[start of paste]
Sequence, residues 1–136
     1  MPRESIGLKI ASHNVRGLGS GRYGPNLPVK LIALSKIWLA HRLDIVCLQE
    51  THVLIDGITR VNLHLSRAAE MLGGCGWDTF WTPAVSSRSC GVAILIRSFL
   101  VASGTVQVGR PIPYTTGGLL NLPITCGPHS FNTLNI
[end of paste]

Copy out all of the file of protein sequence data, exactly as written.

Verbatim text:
Sequence, residues 1–136
     1  MPRESIGLKI ASHNVRGLGS GRYGPNLPVK LIALSKIWLA HRLDIVCLQE
    51  THVLIDGITR VNLHLSRAAE MLGGCGWDTF WTPAVSSRSC GVAILIRSFL
   101  VASGTVQVGR PIPYTTGGLL NLPITCGPHS FNTLNI